This program resembles those of my beloved Met Museum with tours and activities to spark an interest in French culture, art and history.

La Petite Academie, Paris
At every turn I saw child-centered activities peeking out from windows and doorways (La Petite Academie, P'tit Vélib') or advertised on billboards (Les Minions!, Vice-Versa - the French title for Pixar's Inside Out - and the newly released Le Petit Prince).

It made me think that early childhood educators in Paris had it pretty good too.

When I returned home I discovered a blog posting about taking a group of children to visit museums and landmarks in Paris.  The photographs of children eating lunch and posing in front of The Eiffel Tower and the Louvre is reminiscent of the class pictures I took of my students outside The Statue of Liberty and the Metropolitan Museum of Art.  The post even includes some children's drawings.

I may have found my Parisian counterpart and definitely see new experiences unfolding in my future. There must be openings at the Institut National de Jeunes Sourds de Paris.

Thursday, July 23, 2015

New York City is our Classroom

New York City!

I cannot imagine a better place to teach.  The Big Apple offers school children culture, history and a sense of wonder.

It breaths life into the words we read in books and helps children connect to the lessons in tangible ways through visual, tactile and kinesthetic modalities.

NYC lets kids get their hands dirty.  She encourages them to question and explore and offers a great many oohs and ahhs.

New York City is a great teacher.

This year we expanded the walls of our classroom with trips to Liberty Island and The Statue of Liberty, Governor's Island Learning Garden, The Metropolitan Museum of Art, Rockefeller CenterTop of the Rock, The Fire Zone, The New Victory Theater, Children's Museum of the Arts, Central Park, The Staten Island Ferry,  Green Meadow Farm Festival of Cultures and Lincoln Center.

Students gathering greens at Governor's Island Learning Garden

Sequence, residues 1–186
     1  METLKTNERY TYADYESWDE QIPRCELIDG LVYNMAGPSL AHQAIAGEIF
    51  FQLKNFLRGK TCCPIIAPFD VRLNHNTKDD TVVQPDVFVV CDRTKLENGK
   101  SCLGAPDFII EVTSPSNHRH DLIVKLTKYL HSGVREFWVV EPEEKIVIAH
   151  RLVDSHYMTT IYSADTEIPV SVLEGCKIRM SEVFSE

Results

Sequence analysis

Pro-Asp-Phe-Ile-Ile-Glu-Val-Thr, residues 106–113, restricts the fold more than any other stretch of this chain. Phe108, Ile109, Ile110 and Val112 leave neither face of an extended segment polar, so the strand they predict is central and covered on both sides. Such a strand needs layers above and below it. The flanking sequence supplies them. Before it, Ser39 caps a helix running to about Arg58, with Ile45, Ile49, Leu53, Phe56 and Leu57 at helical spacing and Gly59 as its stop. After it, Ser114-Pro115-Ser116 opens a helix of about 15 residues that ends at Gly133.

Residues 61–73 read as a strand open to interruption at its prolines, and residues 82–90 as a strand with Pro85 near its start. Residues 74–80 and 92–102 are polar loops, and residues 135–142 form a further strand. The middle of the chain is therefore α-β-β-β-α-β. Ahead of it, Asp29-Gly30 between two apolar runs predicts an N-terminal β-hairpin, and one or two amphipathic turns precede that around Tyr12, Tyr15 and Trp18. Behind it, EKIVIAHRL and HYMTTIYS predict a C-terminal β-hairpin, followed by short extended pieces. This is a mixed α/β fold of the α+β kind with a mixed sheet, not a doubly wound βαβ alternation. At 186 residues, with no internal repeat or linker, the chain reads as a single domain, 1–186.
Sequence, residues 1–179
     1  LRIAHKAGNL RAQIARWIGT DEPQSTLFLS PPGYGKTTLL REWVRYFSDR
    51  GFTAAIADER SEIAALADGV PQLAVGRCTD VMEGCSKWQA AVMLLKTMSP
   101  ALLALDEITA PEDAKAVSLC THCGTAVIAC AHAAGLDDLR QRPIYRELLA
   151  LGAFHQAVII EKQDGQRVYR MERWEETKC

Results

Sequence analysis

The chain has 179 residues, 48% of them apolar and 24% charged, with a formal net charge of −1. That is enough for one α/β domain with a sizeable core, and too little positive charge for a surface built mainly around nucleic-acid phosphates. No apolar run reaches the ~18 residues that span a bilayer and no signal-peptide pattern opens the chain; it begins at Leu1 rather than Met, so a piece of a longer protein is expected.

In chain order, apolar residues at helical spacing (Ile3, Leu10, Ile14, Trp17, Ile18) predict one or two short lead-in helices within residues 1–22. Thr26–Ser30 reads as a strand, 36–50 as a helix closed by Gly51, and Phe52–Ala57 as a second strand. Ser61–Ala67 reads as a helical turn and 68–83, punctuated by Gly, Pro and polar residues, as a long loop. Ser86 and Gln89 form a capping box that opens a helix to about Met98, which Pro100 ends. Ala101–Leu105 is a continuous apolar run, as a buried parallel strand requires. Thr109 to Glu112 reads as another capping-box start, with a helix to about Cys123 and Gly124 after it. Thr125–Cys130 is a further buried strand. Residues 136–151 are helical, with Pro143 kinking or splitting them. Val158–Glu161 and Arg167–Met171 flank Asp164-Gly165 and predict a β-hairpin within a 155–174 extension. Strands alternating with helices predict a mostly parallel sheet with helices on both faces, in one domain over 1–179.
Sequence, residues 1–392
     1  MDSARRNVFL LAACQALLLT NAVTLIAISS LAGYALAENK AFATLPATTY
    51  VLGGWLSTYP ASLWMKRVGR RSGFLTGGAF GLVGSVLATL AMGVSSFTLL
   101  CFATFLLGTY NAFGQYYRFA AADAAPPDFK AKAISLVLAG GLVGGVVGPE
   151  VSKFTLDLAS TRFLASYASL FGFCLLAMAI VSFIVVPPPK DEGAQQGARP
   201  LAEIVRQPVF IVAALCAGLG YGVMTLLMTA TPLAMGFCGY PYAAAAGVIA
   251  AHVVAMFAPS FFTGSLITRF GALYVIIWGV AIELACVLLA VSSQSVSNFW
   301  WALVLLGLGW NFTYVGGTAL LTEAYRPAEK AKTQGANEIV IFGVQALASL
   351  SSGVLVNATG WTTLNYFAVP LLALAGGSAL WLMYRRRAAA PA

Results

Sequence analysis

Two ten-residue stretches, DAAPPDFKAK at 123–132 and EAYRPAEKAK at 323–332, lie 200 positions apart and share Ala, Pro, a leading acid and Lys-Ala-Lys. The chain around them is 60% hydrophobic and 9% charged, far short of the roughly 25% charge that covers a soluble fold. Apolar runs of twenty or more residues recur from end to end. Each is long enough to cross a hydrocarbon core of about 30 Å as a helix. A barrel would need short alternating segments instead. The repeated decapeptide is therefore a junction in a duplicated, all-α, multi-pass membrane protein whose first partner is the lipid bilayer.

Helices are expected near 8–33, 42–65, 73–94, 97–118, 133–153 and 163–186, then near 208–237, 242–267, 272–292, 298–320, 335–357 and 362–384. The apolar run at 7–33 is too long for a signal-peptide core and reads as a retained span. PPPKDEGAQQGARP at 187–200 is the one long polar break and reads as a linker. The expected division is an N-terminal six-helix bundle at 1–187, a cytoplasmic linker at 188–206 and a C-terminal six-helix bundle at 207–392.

During our travels the children learned about nutrition, gardening, healthy habits, history, art, design, color, shape, geography, world cultures, perspective, transportation modes, performance styles, mythology, respect, rules, cooperation, fire safety, creativity, plants, life cycles and themselves.

Thankfully our principal is very supportive of field trips for the elementary grades and recognizes their value. For many of our students class trips are the only opportunity they have to experience first-hand the treasures that NYC has to offer.  That is true for me as well.  I had never visited Liberty Island before this year!

Next year we will continue to open our doors to venture out while continuing to invite New York into our classrooms through children's book author visits, theatrical performances and Broadway Books First Class.

With all this it is easy to sing out, "I love New York!"

Wednesday, July 22, 2015

The Rose

The One Hundred and Fourth Annual Commencement ceremony for our graduating Eighth Grade students included a recently added tradition called Presentation of Roses.

Each graduate stands on the stage and presents a rose to an adult they deem deserving of thanks and recognition for the love, support, and guidance they've provided.

The decision does not come without a lot of contemplative handwringing.

Last year, I was honored by my tearful little cupcake who was filled with such emotion that she could not finish explaining why she chose me.  This angelic child found a way to touch my heart one last time before she flew off into the world.

This year the scene unfolded a little differently but I equally moved.

First, there is a little backstory.